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npm flooded with 748 packages that store movies

January 25, 2024 By Ax Sharma

4 minute read time

Meet npmjs.com, a video and eBook hosting platform — not our words, but it seems that's what goes in the mind of some users (and attackers) recently seen misusing the platform to store media like multi-gig movies, videos, and eBooks.

Today, the Sonatype Security Research team came across 748 packages flooding the npm registry. Contrary to containing malware though, these tell a different story...

Who needs YouTube?

Video hosting for Devs

In recent times, users of software development repositories like npm, PyPI, and GitHub have found unique use cases that technically deviate from the core purpose that these platforms were designed for — to store software artifacts.

Repos and packages published to these services have frequently featured anything from malicious code, to malware research samples, to media like movies, films and eBooks. While multimedia assets can certainly be and are often an integral aspect of legitimate software apps, the 748 packages caught today and being purged from the npm registry in real time contain movies, split into partial video clips.

Tracked as sonatype-2024-0284, each of these packages is roughly 54.5 MB in size and named with a 'wlwz' prefix followed by a set of numbers, perhaps to denote a sequence in which these should be downloaded and processed to reconstruct the entire movie contained in them. Timestamps show that these packages have been sitting on the npm registry since at least December 4, 2023, but GitHub began removing them from the npmjs.com registry this week.

The npm user behind these artifacts is called wlwz, by the very prefix contained in the name of these packages.

Within each package are video clips ending in the '.ts' extension, which indicates these were ripped from DVDs and Blu-ray discs. (The '.ts' extension, in this context, is not to be confused with TypeScript).

As for the titles of movie clips in question, we are not certain, but some packages, like "wlwz-2312"  contain timestamped Mandarin comments* in JSON files.

...which compels me to say, the incident has echoes of 2022, when Chinese devs were seen (ab)using GitHub and npm to store 1000s of eBooks, possibly as a means to circumvent state censorship. Although, it's entirely possible that this is a sheer abuse of the registry for hosting pirated materials.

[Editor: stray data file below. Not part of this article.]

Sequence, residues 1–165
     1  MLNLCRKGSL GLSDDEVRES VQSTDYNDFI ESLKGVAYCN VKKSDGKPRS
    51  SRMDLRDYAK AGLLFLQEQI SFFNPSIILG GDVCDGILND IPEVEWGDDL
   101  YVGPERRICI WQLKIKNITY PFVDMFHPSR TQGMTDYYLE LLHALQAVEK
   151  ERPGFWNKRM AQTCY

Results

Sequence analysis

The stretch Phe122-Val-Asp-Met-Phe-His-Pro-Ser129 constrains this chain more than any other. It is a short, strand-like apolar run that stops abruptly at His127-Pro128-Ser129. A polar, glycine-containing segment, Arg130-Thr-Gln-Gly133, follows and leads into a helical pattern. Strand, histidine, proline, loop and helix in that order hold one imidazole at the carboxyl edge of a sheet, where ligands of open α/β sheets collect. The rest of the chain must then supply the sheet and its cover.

While we have frequently identified and reported on events where open source registries were flooded with hundreds of cryptominers, spam packages, and dependency confusion malware, incidents like these illustrate the innovate ways in which users (and attackers) are using such registries and how their seemingly benign actions can ultimately threaten the integrity and hygiene of these platforms, and the overall software supply chain.

In conclusion, don't upload videos to OSS registries: at a minimum you are most certainly violating their terms of service!

*Update, Feb 2nd, 2024: A prior version of this article implied that the JSON file(s) in question contain subtitles, but thanks to the feedback from a reader, it turns out, the JSON contents represent time-synced user comments submitted to online video streaming platforms. We have since updated the article.

Repository Firewall customers remain safe

Sonatype's products such as Repository Firewall and Lifecycle stay on top of nascent attacks and vulnerabilities and provide you with detailed insights to thwart malware, Potentially Unwanted Applications (PUAs), and vulnerable components from reaching your builds:

Users of Sonatype Repository Firewall can rest easy knowing that these packages would automatically be blocked from reaching their development builds and keep their software development life cycle (SDLC) hygienic.

Tags: vulnerabilities, npm, DevZone

Written by Ax Sharma

Ax is a Security Researcher at Sonatype and Engineer who holds a passion for perpetual learning. His works and expert analyses have frequently been featured by leading media outlets. Ax's expertise lies in security vulnerability research, reverse engineering, and software development. In his spare time, he loves exploiting vulnerabilities ethically and educating a wide range of audiences.